Rachel Tucker recently returned from Broadway where she created the role of Meg Dawson in Sting’s new musical The Last Ship.
Directed by Joe Mantello, the show ran in New York at the Neil Simon Theatre for four months following an out-of-town tryout in Chicago. During the run Rachel starred opposite Sting when he joined the cast in an attempt to boost ticket sales.
Rachel is currently preparing to return to the St James Theatre with her new solo concert show Back From Broadway for two performances only on Sunday 19th April.
She has also been cast in Lindsay Posner's revival of Communicating Doors by Alan Ayckbourn which begins performances at the Menier Chocolate Factory on 7th May.
Rachel was a semi-finalist on I’d Do Anything, Andrew Lloyd Webber’s television search for an actress to play Nancy in a West End revival of Oliver. After leaving the competition Rachel joined the West End production of We Will Rock You, starring as Meat and understudying Scaramouche.
Next Rachel joined the West End production of Wicked as Elphaba. She starred in the iconic role for nearly three years and over 1,000 performances, making her the West End’s longest serving Elphaba. In 2012 Rachel won the West End Frame Award for Best Performance of a Song in a Musical for her performance of the show's anthem, ‘Defying Gravity’.
Rachel left Wicked in October 2012 and released her debut album The Reason, playing sell out concerts at the St James Studio and Theatre. Rachel played Meg Giry in the workshop of Love Never Dies and received a TMA Theatre Award Nomination for Best Performance in a Musical for her portrayal of Dorothy in The Wizard of Oz (Lyric Theatre, Belfast).
Her other theatre credits include: Ida in Farragut North (Southwark Playhouse), Mary in Tonight's The Night (national tour), Maureen Johnson in Rent (Olympia Theatre, Dublin), Sally Simpson in The Who's Tommy (national tour), Estelle Genovese in The Full Monty (national tour), Grace Power in To Be Sure, Kelly in Merry Christmas Betty Ford and Amy in Have A Nice Life (Lyric Theatre, Belfast).
Yesterday I caught up with Rachel about her return to London. We discussed her upcoming concerts, what drew her to Communicating Doors, the closure of The Last Ship and how she found New York life plus much, much more…
A lot has happened since the last time we spoke! You’re back from Broadway and about to do some more concerts at the St James Theatre. The last one was incredible – what have you got up your sleeve this time round?
[laughs] Well… you know what… I feel like I set the bar quite high with that last concert! I’ll be honest with you, I am a bit worried about people’s expectations – will it be as good or not? I was worried I wouldn’t be able to come up with enough ideas of different things to sing and people to sing with and so on. But Andrew, it’s just happened again naturally. I stopped worrying about what I did in the past and have tried to concentrate on what else I would love to do. I had to remind myself that it’s a great opportunity to sing and act the stuff that I have never done but always wanted to do! It really is exciting for me! But obviously I’m not going to tell you all my secrets [laughs], I want to keep it all a nice surprise for everyone! I always like to have fun at my gigs, there may be one or two special guests…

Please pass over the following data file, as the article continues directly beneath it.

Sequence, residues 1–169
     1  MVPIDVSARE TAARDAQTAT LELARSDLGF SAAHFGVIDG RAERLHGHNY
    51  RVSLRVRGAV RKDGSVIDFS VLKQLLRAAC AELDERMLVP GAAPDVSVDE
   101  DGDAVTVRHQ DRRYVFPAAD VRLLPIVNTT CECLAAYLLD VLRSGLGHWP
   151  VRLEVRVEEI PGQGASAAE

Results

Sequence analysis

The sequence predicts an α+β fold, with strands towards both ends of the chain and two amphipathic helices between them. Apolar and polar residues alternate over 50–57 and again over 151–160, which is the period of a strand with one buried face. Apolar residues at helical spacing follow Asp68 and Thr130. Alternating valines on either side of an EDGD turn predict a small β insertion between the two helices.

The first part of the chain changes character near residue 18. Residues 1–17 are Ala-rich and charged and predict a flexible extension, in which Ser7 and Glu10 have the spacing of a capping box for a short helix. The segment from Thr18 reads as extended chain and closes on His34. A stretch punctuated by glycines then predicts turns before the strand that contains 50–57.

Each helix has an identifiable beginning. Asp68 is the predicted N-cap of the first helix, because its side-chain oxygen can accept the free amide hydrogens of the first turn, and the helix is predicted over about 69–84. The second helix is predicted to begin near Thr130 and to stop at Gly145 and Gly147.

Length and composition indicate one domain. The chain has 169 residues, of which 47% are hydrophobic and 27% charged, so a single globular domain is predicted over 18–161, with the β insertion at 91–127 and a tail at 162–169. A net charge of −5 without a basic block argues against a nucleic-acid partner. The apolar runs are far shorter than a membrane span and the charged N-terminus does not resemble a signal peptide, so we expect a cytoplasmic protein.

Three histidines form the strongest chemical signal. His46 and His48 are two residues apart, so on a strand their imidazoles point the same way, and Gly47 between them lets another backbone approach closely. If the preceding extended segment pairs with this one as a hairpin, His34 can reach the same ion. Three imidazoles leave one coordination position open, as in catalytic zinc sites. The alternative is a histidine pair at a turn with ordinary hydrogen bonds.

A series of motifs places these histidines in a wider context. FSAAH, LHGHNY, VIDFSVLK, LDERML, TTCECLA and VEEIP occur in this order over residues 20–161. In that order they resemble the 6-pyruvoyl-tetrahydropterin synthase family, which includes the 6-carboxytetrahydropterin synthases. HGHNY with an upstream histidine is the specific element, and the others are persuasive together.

Last time I sat there and wondered how it was possible for one person to belt out so many songs in one evening… but this time you’re doing a matinee as well! How are you feeling about that?
I know… I’m going to be exhausted! This is the other thing, I’ve got to watch my set list and make sure I’ve got moments of calm and things to do between songs. My set list is definitely going to help with that – but I wouldn’t want it to be too full out anyway, it can’t be like ‘bang bang bang bang’.
Your influences are so unique – from musical theatre and beyond. Do you find it hard to bring everything together into one show?
Well it takes a lot of rehearsal. I’ve had five rehearsals with my musical director so far. We both go with ideas and songs and then we might realise two songs go great together so we’ll mash them up a bit. Just by sitting and talking and singing through songs things come together, we didn’t get anything out of two or three of those rehearsals so it’s important to have enough time. It takes a lot of time!
Last time you performed a surprise duet with Louise Dearman who had been sitting in the audience before jumping up and joining you onstage for a Chicago number. You must have had so much fun secretly planning that?
It was so exciting – I loved it [laughs]! You know when you have an idea and you just know it’s going to work? Lou was so up for it and thought it was hilarious. Obviously I was already up onstage and she was sitting, listening to me and was probably very nervous waiting to be called up to sing which nobody knew about. She had to be dressed similar to me, so I told her to wear a black dress and we had rehearsed a few times with the choreographer and MD. We were well prepared, had a final rehearsal before and then did it on the night – I love doing those kinds of surprises.
It has just been announced that from May you will be starring as Poopay in Communicating Doors at the Menier Chocolate Factory. What drew you to the role?
Well I instantly heard a cockney, good willed, wannabe prostitute – a wannabe dominatrix prostitute. She had a cockney English accent to me but is trying her best to be as posh and polite as she possibly can. She just really stood out to me because the character is obviously nothing like me and I love that this girl actually has a big heart. I got to the end of the script and I sobbed! I cried as I sat there reading it because there is a beautiful twist at the end and I love how Alan (Ayckbourn) has used time travel – the sliding doors moment… the ‘what if’. I love how he’s made time travel actually seem possible. I’m very, very excited to be a doing a straight play.